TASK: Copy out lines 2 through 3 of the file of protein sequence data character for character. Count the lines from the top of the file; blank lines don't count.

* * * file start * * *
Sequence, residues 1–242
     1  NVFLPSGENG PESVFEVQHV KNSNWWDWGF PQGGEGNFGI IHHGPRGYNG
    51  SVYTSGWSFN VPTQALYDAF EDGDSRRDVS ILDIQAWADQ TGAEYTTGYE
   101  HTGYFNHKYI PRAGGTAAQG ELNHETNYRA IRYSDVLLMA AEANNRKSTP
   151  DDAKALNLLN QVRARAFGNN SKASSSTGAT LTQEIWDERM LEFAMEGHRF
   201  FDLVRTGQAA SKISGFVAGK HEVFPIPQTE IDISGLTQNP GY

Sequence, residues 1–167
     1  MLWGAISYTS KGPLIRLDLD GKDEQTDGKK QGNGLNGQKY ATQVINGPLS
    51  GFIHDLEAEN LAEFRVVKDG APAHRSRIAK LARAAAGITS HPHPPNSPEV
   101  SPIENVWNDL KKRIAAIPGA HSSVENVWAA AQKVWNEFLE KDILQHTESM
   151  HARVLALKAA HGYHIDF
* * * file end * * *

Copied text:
     1  NVFLPSGENG PESVFEVQHV KNSNWWDWGF PQGGEGNFGI IHHGPRGYNG
    51  SVYTSGWSFN VPTQALYDAF EDGDSRRDVS ILDIQAWADQ TGAEYTTGYE